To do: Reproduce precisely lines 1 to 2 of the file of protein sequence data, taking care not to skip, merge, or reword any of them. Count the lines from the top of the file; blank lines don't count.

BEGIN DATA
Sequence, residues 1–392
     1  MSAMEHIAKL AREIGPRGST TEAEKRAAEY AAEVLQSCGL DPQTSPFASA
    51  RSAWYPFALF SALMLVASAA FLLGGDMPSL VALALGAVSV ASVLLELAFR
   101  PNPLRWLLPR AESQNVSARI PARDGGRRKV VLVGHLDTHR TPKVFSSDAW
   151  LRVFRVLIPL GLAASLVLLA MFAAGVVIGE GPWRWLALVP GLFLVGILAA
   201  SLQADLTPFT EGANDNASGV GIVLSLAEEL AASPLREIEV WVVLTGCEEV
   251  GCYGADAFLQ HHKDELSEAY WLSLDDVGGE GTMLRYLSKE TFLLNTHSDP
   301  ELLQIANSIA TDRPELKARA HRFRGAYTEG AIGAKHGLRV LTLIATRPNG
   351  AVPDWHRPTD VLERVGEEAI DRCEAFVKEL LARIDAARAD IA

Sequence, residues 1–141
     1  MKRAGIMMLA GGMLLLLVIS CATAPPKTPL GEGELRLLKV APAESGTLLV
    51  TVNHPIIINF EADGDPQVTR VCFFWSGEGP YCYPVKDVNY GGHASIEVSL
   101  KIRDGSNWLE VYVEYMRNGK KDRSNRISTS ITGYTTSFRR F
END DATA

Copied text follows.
Sequence, residues 1–392
     1  MSAMEHIAKL AREIGPRGST TEAEKRAAEY AAEVLQSCGL DPQTSPFASA